Originally designed by Finnish architect Matti Suuronen for a friend who wanted a mobile holiday chalet. It is made of Polykerm fibreglass and is a rare example of Pop culture architecture from the heroic Space Age, encapsulating the utopian themes of the 60s and 70s, when advances in technique fired the inventiveness of uninhibited creators. With some 60 m² of living space, 8 m in diameter under a 3,35 m-high roof, its design remains revolutionary today. Stream-lined, sound-proof, sustainable, it resists temperatures ranging from pole to equator and can be put up in just 36 hours!
Only about a hundred of these sci-fi earth-designed UFO’s were constructed between end of 1960s – beginning of 1970s. As we can observe from the plan, they come fully equipped and despite their small surface they can actually sleep eight people. Combining futuristic design, practicality and mobility, this could be the house of my dreams:
From 1968 to 1986, the Futuro house stood on the esplanade at Paris-La Défense where it felt at home sitting in front of the Centre of New Industries & Technologies (CNIT) and the futuristic highrise buildings that were springing up around it. It served as a café, the ”Resto Bulle”:
Re-discovered by art dealer Benoît Ramognino in 2007, it was refurbished and landed anew inside the enclosed marché Dauphine at the renowned Saint-Ouen Flea Market, where it can be seen on week-ends and Mondays. Now, instead of modern glass towers and office complexes its neighbours are second-hand bookstores, vintage clothes, antique and bric-a-brac shops where one man’s junk is another man’s treasure:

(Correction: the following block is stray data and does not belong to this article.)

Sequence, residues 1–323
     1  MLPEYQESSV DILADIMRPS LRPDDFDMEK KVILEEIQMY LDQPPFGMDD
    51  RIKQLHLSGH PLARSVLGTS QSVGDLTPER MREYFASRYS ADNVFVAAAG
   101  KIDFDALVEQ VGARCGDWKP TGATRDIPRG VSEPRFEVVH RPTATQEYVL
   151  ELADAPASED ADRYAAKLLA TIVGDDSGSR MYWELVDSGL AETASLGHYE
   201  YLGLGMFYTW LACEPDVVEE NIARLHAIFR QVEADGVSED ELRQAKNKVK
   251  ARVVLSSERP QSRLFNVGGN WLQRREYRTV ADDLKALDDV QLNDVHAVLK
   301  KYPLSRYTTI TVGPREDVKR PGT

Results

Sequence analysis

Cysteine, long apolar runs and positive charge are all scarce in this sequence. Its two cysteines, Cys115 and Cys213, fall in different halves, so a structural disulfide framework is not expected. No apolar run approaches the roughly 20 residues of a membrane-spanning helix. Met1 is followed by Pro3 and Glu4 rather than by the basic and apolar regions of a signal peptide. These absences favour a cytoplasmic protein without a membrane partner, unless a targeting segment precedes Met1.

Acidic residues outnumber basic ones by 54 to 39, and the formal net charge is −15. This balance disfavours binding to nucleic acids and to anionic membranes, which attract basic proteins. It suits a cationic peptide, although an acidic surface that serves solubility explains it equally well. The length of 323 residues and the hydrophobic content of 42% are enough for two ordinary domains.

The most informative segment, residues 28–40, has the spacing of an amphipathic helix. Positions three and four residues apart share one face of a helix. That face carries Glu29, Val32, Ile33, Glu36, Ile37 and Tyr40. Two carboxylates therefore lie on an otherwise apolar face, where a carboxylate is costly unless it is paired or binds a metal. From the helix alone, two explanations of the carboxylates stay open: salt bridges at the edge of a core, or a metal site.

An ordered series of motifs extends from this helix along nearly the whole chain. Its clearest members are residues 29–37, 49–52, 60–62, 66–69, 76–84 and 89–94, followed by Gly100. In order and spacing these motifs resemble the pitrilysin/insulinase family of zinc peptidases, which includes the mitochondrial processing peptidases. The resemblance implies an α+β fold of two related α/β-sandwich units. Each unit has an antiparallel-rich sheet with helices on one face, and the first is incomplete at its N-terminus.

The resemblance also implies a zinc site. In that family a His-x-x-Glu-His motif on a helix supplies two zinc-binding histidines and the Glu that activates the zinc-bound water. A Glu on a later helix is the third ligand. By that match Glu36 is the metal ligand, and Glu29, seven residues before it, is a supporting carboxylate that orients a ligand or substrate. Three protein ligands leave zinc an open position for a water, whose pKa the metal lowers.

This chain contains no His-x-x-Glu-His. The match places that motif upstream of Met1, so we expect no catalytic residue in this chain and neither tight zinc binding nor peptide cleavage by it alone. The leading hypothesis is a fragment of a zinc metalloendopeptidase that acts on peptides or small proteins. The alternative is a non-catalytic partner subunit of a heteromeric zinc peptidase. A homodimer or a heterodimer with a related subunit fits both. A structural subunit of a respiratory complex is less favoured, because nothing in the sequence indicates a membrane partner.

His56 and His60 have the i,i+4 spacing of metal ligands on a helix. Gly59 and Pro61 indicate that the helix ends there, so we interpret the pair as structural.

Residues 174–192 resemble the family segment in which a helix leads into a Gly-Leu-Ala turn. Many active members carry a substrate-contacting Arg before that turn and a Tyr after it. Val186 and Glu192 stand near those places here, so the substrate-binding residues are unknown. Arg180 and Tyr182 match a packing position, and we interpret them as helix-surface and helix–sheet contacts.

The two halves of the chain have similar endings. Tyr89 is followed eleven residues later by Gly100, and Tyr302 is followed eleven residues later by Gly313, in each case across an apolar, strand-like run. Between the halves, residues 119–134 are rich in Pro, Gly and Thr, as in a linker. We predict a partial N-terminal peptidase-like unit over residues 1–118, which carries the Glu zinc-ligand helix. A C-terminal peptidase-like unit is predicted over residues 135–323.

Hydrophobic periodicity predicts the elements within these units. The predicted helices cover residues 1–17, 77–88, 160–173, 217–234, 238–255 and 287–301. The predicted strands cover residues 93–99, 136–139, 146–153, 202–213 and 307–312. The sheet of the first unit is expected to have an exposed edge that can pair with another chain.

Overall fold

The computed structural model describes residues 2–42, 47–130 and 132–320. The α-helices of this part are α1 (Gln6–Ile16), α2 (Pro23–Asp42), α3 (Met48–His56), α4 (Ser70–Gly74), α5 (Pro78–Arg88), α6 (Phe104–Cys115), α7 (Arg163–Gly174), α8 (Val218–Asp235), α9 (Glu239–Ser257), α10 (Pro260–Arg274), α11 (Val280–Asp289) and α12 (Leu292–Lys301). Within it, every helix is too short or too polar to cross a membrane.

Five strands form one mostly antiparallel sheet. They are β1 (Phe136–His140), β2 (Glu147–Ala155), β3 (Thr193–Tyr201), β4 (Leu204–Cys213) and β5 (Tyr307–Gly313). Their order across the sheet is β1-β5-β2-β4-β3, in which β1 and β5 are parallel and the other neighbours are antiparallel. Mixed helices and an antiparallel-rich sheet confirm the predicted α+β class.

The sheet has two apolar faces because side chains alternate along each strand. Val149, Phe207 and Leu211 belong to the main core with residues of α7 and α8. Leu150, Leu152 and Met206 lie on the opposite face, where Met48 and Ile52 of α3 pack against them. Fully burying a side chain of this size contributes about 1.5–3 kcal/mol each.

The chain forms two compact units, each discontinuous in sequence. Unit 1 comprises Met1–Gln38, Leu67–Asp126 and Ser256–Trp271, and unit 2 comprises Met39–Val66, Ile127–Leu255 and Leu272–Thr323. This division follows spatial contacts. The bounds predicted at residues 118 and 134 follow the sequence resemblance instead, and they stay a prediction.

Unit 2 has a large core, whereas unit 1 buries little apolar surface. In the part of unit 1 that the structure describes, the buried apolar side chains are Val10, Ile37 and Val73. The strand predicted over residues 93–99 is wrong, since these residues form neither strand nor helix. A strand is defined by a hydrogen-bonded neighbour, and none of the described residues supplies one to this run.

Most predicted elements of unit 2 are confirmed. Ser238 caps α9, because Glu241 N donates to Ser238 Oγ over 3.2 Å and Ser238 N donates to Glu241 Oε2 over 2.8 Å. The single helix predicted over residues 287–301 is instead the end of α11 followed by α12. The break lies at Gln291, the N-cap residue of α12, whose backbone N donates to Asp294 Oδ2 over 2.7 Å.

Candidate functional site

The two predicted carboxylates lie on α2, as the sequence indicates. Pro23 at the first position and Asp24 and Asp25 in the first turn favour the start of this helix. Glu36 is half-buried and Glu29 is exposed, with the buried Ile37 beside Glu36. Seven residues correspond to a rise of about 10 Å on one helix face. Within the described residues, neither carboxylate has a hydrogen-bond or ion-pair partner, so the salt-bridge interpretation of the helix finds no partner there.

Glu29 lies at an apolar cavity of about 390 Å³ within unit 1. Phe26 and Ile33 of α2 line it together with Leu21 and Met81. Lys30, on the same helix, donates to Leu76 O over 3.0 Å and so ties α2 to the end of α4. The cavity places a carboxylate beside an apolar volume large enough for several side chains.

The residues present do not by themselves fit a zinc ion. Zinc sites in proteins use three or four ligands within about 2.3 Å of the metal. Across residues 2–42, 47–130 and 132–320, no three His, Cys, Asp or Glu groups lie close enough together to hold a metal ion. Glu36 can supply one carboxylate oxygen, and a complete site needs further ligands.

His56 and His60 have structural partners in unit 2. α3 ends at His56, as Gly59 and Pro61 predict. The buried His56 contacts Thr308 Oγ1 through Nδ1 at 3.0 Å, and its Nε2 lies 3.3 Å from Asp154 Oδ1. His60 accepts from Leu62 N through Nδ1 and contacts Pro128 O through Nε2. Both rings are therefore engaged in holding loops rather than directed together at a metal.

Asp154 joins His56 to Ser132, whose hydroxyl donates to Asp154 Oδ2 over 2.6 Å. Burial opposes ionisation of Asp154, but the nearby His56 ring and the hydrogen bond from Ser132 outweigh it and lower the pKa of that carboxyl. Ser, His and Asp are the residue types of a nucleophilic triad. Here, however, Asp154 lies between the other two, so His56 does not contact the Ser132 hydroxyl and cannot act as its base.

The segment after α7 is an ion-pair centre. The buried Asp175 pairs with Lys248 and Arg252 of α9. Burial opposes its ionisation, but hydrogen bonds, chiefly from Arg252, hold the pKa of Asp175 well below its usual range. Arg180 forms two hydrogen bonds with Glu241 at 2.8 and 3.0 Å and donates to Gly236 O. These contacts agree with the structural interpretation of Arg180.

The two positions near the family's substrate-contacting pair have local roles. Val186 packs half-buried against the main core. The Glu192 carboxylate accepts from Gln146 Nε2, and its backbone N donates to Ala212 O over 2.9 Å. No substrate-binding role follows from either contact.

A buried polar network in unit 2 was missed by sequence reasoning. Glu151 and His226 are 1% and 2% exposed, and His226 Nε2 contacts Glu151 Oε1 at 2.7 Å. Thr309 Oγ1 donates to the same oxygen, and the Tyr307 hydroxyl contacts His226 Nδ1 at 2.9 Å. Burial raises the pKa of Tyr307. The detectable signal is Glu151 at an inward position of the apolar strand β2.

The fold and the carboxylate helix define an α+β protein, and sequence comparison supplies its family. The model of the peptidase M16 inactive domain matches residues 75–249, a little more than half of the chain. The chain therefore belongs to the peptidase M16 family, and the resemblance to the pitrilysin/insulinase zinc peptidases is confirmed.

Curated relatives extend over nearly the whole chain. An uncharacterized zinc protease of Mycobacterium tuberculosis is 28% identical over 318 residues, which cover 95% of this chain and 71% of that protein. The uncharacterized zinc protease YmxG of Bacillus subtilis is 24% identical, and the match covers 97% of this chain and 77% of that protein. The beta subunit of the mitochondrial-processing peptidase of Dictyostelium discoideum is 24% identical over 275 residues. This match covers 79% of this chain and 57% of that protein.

What a pity the future those designers envisioned did not turn out to be what we know today as present! Imagine being a nomad and never have to worry about digs. Just pack up the Futuro and ship it to next destination. All you need is 36 hours, a 3m height x 8m diameter and you could call any place on planet Earth your home!
According to French press, it will remain at the Saint-Ouen Flea Market – at least – until October 2016.
If you’d like to know more about the houses, their history and whereabouts please check The Futuro House website. Although many more articles and websites can be found on-line, this one seems to be kept constantly updated. The Futuro here is not merely an object of design – it is a passion.
Photos by Konstantinos Implikian
Paris, 17 August 2014